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Lawrence Washington (1718 – 1752) was a Colonial British planter, slave-owner, and politician. He was also a Master Templar of the British Rite of the Templar Order, operating in the Northern American colonies, and the half-brother of George Washington.


Early life

Lawrence Washington was born in Virginia in 1718 to Augustine Washington and Jane Butler. In 1729, Lawrence and his younger brother, Augustine, Jr., were taken to England by their father and educated at the Appleby Grammar School. During this time, Lawrence was recruited into the Templar Order by Reginald Birch, Grand Master of the British Templars.[1]

Search for the Grand Temple

"As a Master Templar, you have learned your lessons well, and have earned this opportunity. You are my eyes and ears in the New World now. Do not fail me, Lawrence."
―Birch in his letter to Lawrence, 1738.[src]-[m]

In 1738, Lawrence returned to Virginia after having been named Master Templar of the Northern colonies by Birch. He received a letter from the Grand Master, in which he revealed that he had obtained the journal of the Assassin Edward Kenway. The journal suggested that the First Civilization Grand Temple was located somewhere in the New World.[2]

Although he was unsure of its contents, Birch made the Temple the Order's highest priority. As the Grand Master's eyes and ears in the colonies, Lawrence was tasked with locating the Grand Temple as well as any Precursor relics in the region.[2]

At the same time, Lawrence oversaw his father's tobacco plantation at the Potomac River. He also acted as a mentor of sorts to his younger half-brother, George. After the death of their father, George looked up to Lawrence as a role model, and the two loved each other dearly.[1]

Military career

In 1739, the British Parliament created an infantry regiment for the American colonies to be used in the West Indies against Spain in what became known as the War of Jenkins' Ear. Arriving in Jamaica in 1741, Lawrence saw action in expeditions against Cartagena, New Granada, Cuba and Panama.[1]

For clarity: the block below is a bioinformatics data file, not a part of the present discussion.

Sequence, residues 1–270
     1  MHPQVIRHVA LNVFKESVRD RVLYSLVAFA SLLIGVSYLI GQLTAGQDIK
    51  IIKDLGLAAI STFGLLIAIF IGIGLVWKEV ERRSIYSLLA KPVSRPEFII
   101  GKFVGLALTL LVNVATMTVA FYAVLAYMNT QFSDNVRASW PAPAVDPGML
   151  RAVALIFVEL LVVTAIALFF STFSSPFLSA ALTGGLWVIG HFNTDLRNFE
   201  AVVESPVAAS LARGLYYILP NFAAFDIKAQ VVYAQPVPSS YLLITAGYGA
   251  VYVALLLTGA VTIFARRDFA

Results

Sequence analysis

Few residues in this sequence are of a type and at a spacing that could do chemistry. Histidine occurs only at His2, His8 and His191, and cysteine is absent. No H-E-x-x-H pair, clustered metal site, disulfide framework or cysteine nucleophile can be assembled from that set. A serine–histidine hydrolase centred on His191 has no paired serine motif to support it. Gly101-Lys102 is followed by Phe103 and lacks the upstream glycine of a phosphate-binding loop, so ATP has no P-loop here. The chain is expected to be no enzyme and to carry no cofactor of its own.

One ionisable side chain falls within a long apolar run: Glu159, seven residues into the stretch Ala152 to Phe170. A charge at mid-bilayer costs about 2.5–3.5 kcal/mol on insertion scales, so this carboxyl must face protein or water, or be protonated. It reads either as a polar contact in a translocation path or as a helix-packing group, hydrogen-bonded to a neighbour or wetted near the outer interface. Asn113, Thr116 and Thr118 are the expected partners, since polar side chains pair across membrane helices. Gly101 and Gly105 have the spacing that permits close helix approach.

During these conflicts, many soldiers died of tropical diseases. Because he had arrived in the region early, Lawrence was able survive these fevers. In late 1742, Lawrence returned to Virginia and became a militia commander at the rank of Major.[1]

Master Templar and other activities

"Master Washington, I am less than pleased with paltry results coming from the colonies. I have other agents around the globe searching tirelessly for Pieces of Eden and you and your motley crew are busy building a postal service. What is more, I understand that an Assassin Brotherhood has taken root somewhere outside of New York. This simply will not do."
―Birch in his letter to Lawrence, 1750.[src]-[m]

After inheriting his father's plantation, Lawrence renamed it Mount Vernon, in honor of his commanding officer in the Royal Navy, Vice Admiral Edward Vernon. In 1743, he married Anne Fairfax, the eldest daughter of Colonel William Fairfax. The Colonel would go on to exert a great deal of influence on George.[1]

Three years later, Lawrence wrote to his subordinate, Christopher Gist. In his letter, he addressed Gist on the Colonial Templars' need for one or a series of companies to double as a communications network. Lawrence noted that William Johnson had recently been appointed Colonel of the Warriors of the Six Nations, was well-established and held good relations with the Kanien'kehá:ka. He suggested to Gist that they start making friendly appeals to Johnson. Lawrence also mentioned that he planned on influencing his in-laws to create a trading company closer to his base of operations.[3]

Lawrence's plans came to fruition, and he successfully recruited Johnson into the Templar Order. Together, they worked to build an infrastructure for the Order in the colonies.[4] In 1747, Lawrence began working with his father-in-law and other prominent businessmen, and created the Ohio Company with the intent of opening trade to the interior of the American continent.[1] Around this period, he hired Samuel Smith as the treasurer of one his businesses, and the Colonial Templars by extension.[5]

The following year, Lawrence introduced George to Lord Thomas Fairfax, the cousin of Lawrence's father-in-law. Thomas took a liking to the young George, hiring him as a surveyor.[6]

In 1750, Lawrence received another letter from Birch, who was highly displeased with the former's lack of progress in discovering Precursor artifacts and sites, as well as the founding of a new Colonial Brotherhood of Assassins near New York. Claiming that Lawrence was "busy building a postal service", Birch transferred his agent, George Monro, to the colonies in order to assist him in his mission. Although Monro would serve as Lawrence's subordinate, Birch claimed that the former was "[his] better in every way".[7]

That year, through the Ohio Company, Lawrence tasked Gist with exploring the lands west of the colonies and forming relations with the native tribes there in order to secure alliances and commerical lanes for the Templars.[8]

Stealing the artifacts

"By the time you receive this, I will already be on my way back to Virginia. Prepare yourself. Our true work begins now. Upon my return, we’ll be able to share the glad news with the Grand Master in London. Perhaps my leadership in the colonies will finally be recognized."